Pedestrian crossing 'not justified'

Ron Minnema
Ron Minnema
A traffic engineer has advised against a proposed pedestrian crossing on Factory Rd in Mosgiel, much to the ire of the Mosgiel Taieri Community Board.

A $23,000 crossing was to be installed near the Church St intersection in August, as decided by the board and the Dunedin City Council.

However, a lack of community consultation angered local business people, who at the time labelled the crossing "ludicrous", "dangerous" and "dumb".

Council senior traffic engineer Ron Minnema reviewed the project, with a report going to the community board this week.

After observing peak pedestrian flows for school pupils in late September, his report found almost no pedestrians "crossed Factory Rd at the site of the proposed pedestrian crossing".

Syd Brown
Syd Brown
He also found traffic signals at the Factory Rd-Gordon Rd intersection created "crossing opportunities for pedestrians".

Using the New Zealand Transport Agency's pedestrian design and planning guide, Mr Minnema found a crossing was "not justified".

His finding was based on a lack of crashes and at present pedestrians being delayed by only 11-14 seconds.

The concept of a crossing closer to Gordon Rd was also dismissed, because it would be too close to traffic signals; and there was no public "desire line" for pedestrians other than immediately south of the Church St intersection.

Mr Minnema instead recommended extending the existing kerb quadrants on the southern side of the Church St-Factory Rd intersection to the edge of the cycle lane.

This would reduce pedestrian crossing distance, and the speed of motorists.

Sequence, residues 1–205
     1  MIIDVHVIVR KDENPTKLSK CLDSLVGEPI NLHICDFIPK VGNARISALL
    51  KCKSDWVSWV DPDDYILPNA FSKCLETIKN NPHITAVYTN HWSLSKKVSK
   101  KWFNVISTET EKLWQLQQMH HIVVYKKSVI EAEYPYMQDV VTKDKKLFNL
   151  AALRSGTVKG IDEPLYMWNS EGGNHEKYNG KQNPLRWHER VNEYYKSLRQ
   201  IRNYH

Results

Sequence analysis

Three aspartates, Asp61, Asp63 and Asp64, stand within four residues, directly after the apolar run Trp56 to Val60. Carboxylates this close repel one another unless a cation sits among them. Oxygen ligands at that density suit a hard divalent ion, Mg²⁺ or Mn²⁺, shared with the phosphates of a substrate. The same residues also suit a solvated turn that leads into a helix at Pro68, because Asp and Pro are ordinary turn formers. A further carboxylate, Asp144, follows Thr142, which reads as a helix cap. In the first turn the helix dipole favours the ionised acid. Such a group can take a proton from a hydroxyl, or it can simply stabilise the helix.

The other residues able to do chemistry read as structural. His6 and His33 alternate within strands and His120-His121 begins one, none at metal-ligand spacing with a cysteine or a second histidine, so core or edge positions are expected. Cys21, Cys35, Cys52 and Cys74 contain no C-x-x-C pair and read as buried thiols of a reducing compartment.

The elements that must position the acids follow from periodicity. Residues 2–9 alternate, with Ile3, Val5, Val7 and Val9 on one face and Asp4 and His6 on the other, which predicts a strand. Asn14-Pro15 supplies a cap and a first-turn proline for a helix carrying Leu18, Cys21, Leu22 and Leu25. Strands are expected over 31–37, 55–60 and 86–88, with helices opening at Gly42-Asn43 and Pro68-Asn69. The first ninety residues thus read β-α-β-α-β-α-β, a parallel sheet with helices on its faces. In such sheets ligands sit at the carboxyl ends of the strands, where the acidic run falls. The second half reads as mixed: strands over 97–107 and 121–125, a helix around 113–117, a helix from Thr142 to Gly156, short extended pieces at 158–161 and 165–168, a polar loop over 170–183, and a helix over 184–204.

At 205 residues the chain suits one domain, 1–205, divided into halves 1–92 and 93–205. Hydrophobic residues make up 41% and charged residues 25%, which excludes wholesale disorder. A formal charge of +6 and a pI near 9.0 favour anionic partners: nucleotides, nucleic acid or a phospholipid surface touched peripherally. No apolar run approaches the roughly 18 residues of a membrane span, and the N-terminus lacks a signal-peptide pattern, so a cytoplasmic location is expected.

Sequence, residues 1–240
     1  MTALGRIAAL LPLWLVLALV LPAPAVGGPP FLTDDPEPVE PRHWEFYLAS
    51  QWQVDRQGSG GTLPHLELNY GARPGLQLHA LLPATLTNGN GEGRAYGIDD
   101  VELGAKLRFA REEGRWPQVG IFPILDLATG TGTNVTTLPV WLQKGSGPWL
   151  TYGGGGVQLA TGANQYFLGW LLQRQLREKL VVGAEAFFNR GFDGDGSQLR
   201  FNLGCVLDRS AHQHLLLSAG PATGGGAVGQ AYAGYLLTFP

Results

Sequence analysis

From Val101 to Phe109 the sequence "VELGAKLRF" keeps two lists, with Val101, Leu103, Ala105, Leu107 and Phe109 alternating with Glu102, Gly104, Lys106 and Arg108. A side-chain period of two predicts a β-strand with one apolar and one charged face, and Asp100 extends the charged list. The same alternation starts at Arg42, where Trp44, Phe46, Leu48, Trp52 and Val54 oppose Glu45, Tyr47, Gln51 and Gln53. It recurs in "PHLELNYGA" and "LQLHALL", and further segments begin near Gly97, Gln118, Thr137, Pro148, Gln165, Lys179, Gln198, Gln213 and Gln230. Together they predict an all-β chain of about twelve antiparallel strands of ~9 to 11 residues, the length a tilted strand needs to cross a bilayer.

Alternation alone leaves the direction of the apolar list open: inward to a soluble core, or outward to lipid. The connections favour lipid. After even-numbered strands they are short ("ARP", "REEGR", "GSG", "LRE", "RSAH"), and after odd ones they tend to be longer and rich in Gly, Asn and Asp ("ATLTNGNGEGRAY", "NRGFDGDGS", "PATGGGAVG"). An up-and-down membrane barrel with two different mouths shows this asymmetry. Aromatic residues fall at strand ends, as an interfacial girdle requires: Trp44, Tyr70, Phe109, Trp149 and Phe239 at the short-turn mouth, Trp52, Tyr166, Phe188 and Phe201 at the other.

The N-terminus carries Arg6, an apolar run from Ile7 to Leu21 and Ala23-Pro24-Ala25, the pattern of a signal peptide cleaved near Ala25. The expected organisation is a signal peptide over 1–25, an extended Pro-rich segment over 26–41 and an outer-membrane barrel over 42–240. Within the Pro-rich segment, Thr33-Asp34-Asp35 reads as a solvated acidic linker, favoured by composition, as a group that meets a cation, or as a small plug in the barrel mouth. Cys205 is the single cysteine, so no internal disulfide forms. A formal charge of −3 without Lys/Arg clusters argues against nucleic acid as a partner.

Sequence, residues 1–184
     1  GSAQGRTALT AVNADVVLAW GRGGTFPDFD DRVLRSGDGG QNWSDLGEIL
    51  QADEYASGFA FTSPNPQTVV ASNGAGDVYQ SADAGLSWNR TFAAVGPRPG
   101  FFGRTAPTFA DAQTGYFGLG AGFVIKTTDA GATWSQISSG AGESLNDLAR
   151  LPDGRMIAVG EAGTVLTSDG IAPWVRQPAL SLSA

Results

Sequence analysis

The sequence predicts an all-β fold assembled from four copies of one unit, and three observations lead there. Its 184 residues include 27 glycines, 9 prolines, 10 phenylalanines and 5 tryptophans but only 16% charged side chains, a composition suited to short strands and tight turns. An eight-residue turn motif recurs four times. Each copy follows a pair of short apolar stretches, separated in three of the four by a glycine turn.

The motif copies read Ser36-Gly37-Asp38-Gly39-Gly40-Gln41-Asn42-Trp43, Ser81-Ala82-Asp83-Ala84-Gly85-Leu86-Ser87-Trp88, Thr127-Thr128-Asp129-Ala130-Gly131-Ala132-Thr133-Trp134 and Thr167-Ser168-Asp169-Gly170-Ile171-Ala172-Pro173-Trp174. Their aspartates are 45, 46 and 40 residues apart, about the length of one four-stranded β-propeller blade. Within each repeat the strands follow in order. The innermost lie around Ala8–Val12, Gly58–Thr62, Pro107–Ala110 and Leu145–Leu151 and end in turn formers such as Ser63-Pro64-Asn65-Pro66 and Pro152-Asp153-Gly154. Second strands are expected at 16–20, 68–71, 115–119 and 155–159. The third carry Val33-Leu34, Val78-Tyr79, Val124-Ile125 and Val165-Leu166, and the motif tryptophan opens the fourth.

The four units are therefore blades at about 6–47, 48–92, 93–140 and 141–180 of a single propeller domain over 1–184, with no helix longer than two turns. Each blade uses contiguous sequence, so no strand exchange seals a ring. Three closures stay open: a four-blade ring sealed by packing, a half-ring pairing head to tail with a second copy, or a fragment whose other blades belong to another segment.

Bus manoeuvrability and loss of parking would need to be taken into account.

Community board member Brian Miller agreed with the report.

He said the crossing was "not an issue".

It was up to schools to teach their pupils how to cross the road, he said.

Others disagreed.

Councillor Syd Brown believed kerb protrusions were confusing because they were not actually designated crossing areas, but were often treated as such.

On the other hand, given Mr Minnema's report, the board would have to put up a "pretty good case" to council to convince it to pay for a pedestrian crossing.

"It's going to be difficult to get it through council," he said.

Fellow board member Sandra Wilson said, regarding extending the kerb quadrants, concerns about loss of car parking were unwarranted because businesses used the parks, not the public.

"I think we need a pedestrian crossing where we first said we needed a pedestrian crossing," she said.

It was decided to note Mr Minnema's report and request a meeting with him.



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